President Trump ordered his first military raid on January 29 with one secret objective—to capture or kill an al Qaeda leader and recruiter who ultimately survived the strike.
Military officials told NBC News on Monday that the operation targeted 38-year-old Qassim al-Rimi, who leads al-Qaeda in the Arabian Peninsula and is considered the third most dangerous terrorist in the world. On Sunday, al-Rimi released an audio message taunting the president.
"The fool of the White House got slapped at the beginning of his road in your lands," he said in the message, military sources confirmed to NBC that the message is authentic.
White House Press Secretary Sean Spicer on Tuesday denied that al-Rimi was the subject of the counterterrorism operation.
“The raid that was conducted was an intelligence gathering raid,” he said, “and that’s what we received and that’s what we got and that was a success.”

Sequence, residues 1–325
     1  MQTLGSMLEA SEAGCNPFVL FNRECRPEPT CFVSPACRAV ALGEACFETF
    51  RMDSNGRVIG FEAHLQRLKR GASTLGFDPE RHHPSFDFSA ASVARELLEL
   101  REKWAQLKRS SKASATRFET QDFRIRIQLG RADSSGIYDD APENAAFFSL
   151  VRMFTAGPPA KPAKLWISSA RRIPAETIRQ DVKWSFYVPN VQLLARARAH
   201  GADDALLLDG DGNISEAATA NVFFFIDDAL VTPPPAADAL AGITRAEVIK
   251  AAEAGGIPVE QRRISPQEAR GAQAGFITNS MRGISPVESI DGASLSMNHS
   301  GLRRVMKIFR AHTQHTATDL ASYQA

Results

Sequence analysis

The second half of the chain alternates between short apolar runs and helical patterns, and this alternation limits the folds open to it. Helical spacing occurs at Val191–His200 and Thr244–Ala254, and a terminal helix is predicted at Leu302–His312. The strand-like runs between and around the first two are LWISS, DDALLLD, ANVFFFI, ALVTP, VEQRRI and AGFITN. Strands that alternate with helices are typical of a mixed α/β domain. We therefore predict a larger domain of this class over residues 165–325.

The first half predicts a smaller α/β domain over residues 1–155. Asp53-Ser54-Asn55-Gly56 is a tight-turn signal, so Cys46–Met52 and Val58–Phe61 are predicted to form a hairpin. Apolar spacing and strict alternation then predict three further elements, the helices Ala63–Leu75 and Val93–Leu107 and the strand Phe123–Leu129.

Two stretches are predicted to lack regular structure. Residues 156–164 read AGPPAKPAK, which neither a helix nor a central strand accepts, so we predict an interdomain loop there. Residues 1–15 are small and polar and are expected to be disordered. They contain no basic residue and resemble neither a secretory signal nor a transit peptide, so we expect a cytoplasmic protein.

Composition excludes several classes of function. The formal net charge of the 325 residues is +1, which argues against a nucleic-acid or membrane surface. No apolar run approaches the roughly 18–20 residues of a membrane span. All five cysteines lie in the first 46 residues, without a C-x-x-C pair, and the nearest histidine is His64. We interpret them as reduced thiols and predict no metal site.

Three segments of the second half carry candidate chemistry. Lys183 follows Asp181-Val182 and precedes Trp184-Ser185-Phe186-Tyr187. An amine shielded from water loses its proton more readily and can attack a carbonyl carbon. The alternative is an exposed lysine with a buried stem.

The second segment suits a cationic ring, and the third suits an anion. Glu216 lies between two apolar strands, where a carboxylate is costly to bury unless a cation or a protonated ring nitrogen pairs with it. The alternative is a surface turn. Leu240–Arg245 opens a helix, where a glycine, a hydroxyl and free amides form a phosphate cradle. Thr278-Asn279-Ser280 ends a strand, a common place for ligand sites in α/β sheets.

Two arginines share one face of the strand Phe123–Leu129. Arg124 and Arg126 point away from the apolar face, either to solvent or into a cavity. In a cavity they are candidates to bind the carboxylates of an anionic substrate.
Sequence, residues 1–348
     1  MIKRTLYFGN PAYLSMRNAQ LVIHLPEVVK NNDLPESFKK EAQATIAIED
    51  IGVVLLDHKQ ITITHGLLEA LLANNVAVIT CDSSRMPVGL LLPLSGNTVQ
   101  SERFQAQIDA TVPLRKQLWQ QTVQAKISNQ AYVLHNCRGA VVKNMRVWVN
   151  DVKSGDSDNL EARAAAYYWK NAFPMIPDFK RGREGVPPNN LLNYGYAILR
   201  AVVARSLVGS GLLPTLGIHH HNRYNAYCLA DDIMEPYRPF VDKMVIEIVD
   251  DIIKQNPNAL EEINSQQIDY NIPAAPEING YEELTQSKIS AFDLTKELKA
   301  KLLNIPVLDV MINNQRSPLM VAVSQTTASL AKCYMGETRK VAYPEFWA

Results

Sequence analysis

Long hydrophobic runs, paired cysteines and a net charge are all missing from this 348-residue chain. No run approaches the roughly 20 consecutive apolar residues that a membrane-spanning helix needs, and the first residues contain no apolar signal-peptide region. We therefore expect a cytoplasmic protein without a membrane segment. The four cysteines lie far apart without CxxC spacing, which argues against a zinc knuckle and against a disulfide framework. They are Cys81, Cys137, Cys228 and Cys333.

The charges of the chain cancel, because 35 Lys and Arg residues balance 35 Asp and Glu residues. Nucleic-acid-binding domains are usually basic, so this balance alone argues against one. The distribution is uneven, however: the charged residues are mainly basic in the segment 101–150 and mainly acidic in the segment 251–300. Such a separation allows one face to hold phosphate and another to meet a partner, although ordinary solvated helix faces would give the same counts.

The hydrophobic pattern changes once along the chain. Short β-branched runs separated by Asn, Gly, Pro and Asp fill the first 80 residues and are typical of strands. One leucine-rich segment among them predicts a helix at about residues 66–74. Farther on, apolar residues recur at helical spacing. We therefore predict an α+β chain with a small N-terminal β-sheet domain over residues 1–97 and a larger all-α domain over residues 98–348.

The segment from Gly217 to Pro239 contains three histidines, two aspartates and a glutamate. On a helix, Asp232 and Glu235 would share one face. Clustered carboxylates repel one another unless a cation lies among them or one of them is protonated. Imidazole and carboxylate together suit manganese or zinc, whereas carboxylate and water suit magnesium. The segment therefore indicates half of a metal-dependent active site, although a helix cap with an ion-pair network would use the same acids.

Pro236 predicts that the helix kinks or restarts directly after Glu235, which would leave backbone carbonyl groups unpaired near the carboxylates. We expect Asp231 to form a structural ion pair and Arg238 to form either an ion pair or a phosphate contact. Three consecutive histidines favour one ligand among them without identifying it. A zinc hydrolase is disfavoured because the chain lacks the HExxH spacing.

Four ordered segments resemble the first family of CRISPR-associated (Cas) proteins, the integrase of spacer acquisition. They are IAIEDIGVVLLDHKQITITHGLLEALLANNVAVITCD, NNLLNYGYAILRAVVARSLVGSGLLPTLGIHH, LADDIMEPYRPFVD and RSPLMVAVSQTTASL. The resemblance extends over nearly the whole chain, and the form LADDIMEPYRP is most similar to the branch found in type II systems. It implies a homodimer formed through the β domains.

President Trump ordered the raid, his first military operation as commander-in-chief, on a suspected Al-Qaeda camp in Yemen’s Bayda province. The operation resulted in the deaths of Navy SEAL William “Ryan” Owens and up to 30 civilians, including 10 women and children, according to medics at the scene. Three other US service members were also injured.
It’s currently unclear how al-Rami avoided capture or death and if he was present at the raid’s location at all.
Former President Barack Obama had drafted and reviewed plans for the raid but held off because his advisors wanted to launch the operation on a moonless night, the New York Times reports.
US military officials are now claiming that the Trump administration approved the counterrorism operation without sufficient “intelligence, ground support or adequate backup preparations.”
In the days following the raid, US Central Command issued a statement saying that an investigation team had "concluded regrettably that civilian non-combatants were likely killed" with children among the casualties.
Last week, the president made an unannounced trip to Dover Air Force Base in Delaware to honor the fallen soldier as his remains returned home.